MEANDERINGS

BY Judy Enderle

Editing1     One way authors create character is through word choices. For example, Who would use a word like harbinger? Katniss Everdeen? The Cat in the Hat? Winnie the Pooh? Captain Underpants? Harry Potter? The main character in your story?

When you first start writing for publication, you think: If only I could get this one book published. When you have been publishing for awhile, you think: If only I could get this next book published.

Author Sid Fleischman always gave good advice. One tip he shared proved so true. “Never throw anything away. If you cut scenes or information from your work, put those parts in a doggie bag.” Doggie bags might contain future magazine stories or nonfiction articles, picture books, sequels, or new novels. Does your computer have a doggie bag file as well as an idea file?

If there are topics you’d like the Mavens to address, let us know, please. The other Mavens will Meander when inclined or when avoiding writing or instead of cleaning the office or . . . .

Happy Writing, Everyone!

 

 

 

I HAVE AN—

by Judith Ross Enderle

Editing1 IDEA! In fact, I have a gazillion ideas. When the writing muse flies over, she scatters idea seeds that sprout like Washington mushrooms, and I gather them. Some I place in my computer Idea File in categories like Novels, Picture Books, Magazine articles, and Miscellaneous. I’ve had ideas arrive as titles or as characters. Some get expanded into outlines or synopses. Some have only a paragraph.

Other ideas live in my office closet. In a red storage bin, there’s a plastic idea box. The lid no longer closes. The bin holds not only that box but also scraps of paper, index cards, napkins, bank deposit receipts—all with ideas jotted across them: titles, characters, or what-if questions. Ideas and more ideas all hoping to become stories.

I’ve noticed that ideas sometimes present themselves when I’m focused on the routines of life. My morning starts with cereal and the local paper, where ideas jump off the pages. Some ideas find me when I walk in the neighborhood, pull weeds in the garden, grocery shop, or take a shower. In a restaurant or in a checkout line, snippets of conversation might contain ideas for characterization or even a hint of plot. (Perhaps I should put Author and Eavesdropper on my business cards.)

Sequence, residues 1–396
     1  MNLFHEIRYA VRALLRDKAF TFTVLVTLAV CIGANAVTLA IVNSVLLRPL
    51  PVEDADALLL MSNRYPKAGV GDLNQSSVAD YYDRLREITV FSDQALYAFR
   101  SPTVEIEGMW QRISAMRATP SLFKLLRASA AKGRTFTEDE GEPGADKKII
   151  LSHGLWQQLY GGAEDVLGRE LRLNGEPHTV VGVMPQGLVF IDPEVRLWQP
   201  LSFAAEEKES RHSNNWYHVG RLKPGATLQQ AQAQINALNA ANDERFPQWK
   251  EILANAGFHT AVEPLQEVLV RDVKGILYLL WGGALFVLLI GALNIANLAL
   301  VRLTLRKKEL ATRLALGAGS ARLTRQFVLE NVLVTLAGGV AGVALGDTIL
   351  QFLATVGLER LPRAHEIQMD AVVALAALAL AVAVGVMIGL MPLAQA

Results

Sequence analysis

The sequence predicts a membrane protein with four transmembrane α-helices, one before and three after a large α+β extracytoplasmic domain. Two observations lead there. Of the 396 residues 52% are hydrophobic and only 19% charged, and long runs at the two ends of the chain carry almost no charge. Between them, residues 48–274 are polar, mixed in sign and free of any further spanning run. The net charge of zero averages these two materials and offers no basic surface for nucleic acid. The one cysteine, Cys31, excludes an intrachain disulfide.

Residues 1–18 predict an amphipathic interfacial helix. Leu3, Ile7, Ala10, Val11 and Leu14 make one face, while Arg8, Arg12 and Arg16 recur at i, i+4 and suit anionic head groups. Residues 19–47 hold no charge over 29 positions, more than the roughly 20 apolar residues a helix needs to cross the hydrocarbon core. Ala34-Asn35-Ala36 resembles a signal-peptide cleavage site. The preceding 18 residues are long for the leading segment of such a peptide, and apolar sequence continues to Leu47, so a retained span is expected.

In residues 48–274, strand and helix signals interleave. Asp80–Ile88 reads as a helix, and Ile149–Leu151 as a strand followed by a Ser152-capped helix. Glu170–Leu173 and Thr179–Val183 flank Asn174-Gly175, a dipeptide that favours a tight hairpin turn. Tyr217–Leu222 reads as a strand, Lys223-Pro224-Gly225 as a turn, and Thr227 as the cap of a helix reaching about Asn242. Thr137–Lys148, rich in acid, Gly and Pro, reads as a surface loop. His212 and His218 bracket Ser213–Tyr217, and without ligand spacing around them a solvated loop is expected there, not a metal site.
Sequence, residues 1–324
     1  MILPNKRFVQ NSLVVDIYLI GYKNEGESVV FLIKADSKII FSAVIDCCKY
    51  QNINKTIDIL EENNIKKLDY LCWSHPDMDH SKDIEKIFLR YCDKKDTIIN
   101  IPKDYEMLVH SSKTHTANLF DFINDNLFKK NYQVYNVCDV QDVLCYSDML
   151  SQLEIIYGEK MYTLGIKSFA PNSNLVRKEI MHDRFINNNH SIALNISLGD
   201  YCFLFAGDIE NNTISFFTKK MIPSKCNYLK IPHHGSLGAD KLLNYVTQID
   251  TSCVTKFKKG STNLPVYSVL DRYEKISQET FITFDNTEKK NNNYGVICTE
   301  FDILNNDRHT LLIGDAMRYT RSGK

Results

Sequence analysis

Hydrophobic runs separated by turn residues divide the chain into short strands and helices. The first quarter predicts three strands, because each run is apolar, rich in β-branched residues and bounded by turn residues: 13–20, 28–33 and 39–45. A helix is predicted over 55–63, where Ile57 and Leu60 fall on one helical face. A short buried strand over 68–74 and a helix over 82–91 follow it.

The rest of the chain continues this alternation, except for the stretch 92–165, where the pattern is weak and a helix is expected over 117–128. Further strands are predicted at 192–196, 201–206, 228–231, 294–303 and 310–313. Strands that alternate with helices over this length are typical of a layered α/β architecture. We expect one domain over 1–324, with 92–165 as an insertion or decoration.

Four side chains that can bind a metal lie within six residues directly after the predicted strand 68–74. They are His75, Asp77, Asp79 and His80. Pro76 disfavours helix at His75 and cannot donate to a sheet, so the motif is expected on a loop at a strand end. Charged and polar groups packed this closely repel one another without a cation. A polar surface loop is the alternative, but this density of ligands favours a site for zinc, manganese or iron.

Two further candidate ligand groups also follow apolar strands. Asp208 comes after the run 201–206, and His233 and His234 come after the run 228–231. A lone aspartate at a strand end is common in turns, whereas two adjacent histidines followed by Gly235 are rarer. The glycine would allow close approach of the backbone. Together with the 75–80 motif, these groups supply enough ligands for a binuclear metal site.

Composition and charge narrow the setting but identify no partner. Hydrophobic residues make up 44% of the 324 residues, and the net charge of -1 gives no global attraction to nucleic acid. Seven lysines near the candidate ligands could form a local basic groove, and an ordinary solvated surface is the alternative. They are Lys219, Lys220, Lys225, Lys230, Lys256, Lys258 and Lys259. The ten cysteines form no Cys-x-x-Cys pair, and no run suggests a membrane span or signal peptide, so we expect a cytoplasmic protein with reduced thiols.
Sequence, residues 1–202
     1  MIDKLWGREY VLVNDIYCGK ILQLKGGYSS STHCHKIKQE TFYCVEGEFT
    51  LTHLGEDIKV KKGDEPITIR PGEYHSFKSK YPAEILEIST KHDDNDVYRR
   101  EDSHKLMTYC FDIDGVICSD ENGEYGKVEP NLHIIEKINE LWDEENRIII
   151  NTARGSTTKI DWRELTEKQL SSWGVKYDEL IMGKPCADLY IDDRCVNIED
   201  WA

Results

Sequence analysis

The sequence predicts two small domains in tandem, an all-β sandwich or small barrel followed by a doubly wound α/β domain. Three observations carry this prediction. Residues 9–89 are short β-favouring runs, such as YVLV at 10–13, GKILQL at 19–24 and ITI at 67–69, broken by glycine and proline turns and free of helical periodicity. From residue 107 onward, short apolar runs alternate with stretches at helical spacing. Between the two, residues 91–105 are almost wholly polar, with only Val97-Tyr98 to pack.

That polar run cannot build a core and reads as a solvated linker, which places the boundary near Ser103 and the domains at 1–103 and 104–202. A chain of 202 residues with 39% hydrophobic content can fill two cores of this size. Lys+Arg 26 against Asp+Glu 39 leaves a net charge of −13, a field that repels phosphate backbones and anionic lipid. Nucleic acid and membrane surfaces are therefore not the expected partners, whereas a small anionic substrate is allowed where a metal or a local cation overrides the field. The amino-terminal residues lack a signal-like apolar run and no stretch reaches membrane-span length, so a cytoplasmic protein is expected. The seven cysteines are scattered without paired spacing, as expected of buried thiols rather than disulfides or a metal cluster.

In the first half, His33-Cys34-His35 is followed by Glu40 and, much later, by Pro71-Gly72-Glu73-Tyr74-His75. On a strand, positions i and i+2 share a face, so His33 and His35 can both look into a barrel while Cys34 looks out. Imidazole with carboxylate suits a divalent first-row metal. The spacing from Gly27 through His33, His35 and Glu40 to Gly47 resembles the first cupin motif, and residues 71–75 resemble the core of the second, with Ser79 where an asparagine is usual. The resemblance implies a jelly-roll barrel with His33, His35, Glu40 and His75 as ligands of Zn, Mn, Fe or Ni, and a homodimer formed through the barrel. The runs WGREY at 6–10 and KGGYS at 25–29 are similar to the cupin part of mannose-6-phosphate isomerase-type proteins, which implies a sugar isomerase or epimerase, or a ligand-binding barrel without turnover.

The muse has been known to slip ideas into my brain at night, as I settle into bed. On a recent wintry evening, as I pulled the covers up chin high, a title popped into my brain: PURPLE SNOW. This idea arrived with a couple sentences: Ever since preschool I’ve always been the first one in my classroom in the morning. Until today. Immediately my brain started with the WHO? WHEN? WHERE? WHY? and more. NAMES? AGES? DO THESE SENTENCES HINT AT THE PROBLEM OR NOT? All hard to answer because I don’t know the characters or the problem yet. What does purple snow have to do with this story? I don’t know that, either. But I suspect I’ll find out.

PURPLE SNOW is one of those ideas that’s sticking with me. Those are the ones that demand attention, insist on being written. They never let go. I have several in files on my desk right now in various stages of growth. They can get downright obnoxious, intruding when I’m reading or working on something different. They refuse to go away, to be quiet, to behave and wait their turns. They will not go in the closet with the patient ideas.

Most amazing is when I’m visiting my writing partner, Stephanie Jacob Gordon. We can’t travel anywhere together without ideas pouring forth. And it’s not unusual for the phone to ring and for Stephanie to say: “Listen to this” followed by an idea or two or three. Two heads do have more ideas than one.

Are you bombarded by ideas? How do you store, handle, sort them? How do you choose the one to write next or does it choose for you? And what do you say when someone asks: “Where do you get your ideas?” I usually say: ”They come from everywhere.”